Ernie Harwell will be missed
I’ll never forget the first time I met Ernie Harwell.
It was 1993 and I was in the middle of a public relations internship with the Chicago White Sox. That was the year that Ernie was broadcasting a few innings a game for the Tigers as they attempted to erase the mistake of a year earlier when they had let him go.
Ernie had come down a floor from where the broadcast booths were located at U.S. Cellular Field and asked if I would mind if he sat next to me in the press box.
Mind? Was he kidding? I had not grown up listening to Ernie, but I had heard him a little bit and saw him once on Roy Firestone’s “Up Close” show on ESPN. He had read his poem about baseball and to this day it is one of the most beautiful things ever written about the National Pastime. I mentioned that to him and he thanked me.
We talked some baseball during our time sitting next to each other over the next few days and about a week after the Tigers left town, I got a package at the office. Inside was a copy of one of Ernie’s book with a note saying how much he enjoyed meeting me and that I could find the poem I liked on page 48.
That was the kind of man that Ernie was. No matter how small or unimportant your job was he treated you the same way he would treat the owner of a ballclub.
I sent Ernie a thank you note and he would later send me a Christmas card and we kept in touch over the next year. When I joined the Brewers public relations staff in 1995, Ernie saw it in the transactions and sent me a handwritten note that said the Brewers were lucky to have someone like me in their front office.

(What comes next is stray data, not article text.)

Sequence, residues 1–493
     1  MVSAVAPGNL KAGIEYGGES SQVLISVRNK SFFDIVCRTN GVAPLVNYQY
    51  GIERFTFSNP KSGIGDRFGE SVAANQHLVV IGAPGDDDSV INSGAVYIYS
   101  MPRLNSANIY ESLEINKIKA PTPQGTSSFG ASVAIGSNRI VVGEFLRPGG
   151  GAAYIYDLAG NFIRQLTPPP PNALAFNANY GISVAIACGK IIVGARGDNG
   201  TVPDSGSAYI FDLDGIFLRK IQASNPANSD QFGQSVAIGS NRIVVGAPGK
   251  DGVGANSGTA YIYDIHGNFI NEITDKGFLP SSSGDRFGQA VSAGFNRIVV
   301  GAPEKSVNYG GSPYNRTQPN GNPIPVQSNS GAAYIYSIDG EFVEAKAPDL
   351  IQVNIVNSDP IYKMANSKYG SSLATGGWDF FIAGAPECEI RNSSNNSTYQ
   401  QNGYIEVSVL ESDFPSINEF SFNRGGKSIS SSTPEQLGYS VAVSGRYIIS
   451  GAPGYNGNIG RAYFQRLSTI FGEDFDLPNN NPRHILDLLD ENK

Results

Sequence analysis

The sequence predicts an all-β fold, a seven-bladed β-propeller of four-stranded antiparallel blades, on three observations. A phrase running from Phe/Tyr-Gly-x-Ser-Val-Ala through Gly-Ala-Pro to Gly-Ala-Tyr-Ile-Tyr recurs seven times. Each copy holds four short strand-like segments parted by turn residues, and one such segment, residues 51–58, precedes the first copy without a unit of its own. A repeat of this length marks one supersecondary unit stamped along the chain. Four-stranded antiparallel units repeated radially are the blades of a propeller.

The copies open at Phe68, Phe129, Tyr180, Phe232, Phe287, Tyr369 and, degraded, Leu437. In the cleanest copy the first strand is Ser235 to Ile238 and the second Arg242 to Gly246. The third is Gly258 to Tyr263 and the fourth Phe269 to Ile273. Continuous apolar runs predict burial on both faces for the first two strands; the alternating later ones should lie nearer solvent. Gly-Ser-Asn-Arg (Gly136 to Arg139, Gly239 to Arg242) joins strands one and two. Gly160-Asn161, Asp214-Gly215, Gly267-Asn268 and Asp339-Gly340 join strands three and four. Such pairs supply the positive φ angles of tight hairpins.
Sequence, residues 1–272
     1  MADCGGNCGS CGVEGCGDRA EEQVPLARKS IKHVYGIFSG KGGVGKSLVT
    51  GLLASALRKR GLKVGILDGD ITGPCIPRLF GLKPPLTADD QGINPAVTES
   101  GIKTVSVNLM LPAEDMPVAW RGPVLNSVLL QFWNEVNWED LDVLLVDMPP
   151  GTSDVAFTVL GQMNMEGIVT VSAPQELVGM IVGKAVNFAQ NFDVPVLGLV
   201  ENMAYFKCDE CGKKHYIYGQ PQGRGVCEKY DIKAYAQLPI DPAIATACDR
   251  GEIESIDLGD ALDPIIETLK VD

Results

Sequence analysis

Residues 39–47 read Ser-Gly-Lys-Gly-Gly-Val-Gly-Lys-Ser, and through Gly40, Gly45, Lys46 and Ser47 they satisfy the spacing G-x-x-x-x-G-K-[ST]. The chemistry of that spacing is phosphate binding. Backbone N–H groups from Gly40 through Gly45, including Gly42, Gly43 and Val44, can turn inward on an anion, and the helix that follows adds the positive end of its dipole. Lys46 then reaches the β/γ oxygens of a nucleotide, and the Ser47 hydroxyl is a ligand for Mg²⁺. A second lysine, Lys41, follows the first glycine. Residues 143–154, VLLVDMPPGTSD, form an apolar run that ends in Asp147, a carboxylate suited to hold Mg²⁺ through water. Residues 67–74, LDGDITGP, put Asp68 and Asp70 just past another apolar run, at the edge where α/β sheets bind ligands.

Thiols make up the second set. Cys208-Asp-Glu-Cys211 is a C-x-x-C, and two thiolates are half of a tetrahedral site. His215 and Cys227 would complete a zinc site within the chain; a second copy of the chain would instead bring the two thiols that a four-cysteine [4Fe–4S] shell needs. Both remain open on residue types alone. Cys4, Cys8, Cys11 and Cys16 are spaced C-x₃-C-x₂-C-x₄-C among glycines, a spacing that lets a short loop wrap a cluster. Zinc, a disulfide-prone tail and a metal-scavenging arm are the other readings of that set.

During my three years in Milwaukee, Ernie would call me when he was coming to town, looking for news about the club, making sure he had an updated roster to prepare for the series.
In 1997, I was standing on the field at old Tiger Stadium with Ernie and a couple of other broadcasters. They were talking about restaurants and Ernie was saying that his favorite restaurant in Milwaukee was The Old English Room. He asked if I had been there.
At the time I was making $22,000 a year and The Old English Room was not something that I could afford.
“No,” I replied. “I’ve heard it’s very nice, but it’s a little out of my league pricewise.”
He didn’t say anything more that day, but a month later just before the Tigers were scheduled to come to town he called me. I was not surprised, because like I said he usually would call for information, but this time it was different.
“I’m going to be getting in early Sunday night,” he said. “And I would like for you to be my guest for dinner that night at The Old English Room.”
I’ll never forget that dinner. He told stories about riding the trains with the ballplayers, about how he lied about his age in order to get his first job with The Sporting News as their Atlanta correspondent at age 16.
But most of all, he asked questions. He wanted to know where I came from, what I wanted to do, how I got started in baseball. It was typical Ernie, always interested in people, forever taking the focus off him. It was never about him and always about you.
I’ll always treasure the memories of that night and of all my conversations with Ernie. Baseball lost a great man today. I lost a friend. Rest in peace, Ernie. We will never forget you.